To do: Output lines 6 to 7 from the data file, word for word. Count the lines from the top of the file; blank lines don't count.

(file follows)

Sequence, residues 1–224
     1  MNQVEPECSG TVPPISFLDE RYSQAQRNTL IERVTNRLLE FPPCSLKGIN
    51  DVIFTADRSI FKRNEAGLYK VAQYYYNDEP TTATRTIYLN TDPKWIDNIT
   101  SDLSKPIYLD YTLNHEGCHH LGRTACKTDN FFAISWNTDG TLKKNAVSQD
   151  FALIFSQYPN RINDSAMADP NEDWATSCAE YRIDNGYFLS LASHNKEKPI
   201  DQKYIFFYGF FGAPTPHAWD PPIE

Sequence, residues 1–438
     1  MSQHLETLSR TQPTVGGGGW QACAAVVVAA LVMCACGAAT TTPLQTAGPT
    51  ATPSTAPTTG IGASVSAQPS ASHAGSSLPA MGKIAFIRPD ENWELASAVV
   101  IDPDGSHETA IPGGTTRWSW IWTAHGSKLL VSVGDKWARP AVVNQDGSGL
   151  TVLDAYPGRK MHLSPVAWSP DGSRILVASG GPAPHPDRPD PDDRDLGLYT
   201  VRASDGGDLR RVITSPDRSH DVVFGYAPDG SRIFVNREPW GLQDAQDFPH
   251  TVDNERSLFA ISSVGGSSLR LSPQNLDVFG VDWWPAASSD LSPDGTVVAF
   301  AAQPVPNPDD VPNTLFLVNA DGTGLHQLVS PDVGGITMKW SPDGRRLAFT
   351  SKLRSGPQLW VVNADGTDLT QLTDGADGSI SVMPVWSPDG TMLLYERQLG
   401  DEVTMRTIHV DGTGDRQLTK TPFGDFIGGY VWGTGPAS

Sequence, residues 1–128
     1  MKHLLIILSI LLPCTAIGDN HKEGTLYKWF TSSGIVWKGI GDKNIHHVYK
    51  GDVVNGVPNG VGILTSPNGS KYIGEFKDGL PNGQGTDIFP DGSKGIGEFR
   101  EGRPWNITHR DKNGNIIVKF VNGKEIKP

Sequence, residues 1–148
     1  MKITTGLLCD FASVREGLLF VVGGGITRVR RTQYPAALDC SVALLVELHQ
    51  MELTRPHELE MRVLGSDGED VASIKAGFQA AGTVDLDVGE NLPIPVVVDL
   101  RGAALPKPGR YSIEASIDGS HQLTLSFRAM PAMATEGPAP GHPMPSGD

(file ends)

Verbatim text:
   201  DQKYIFFYGF FGAPTPHAWD PPIE

Sequence, residues 1–438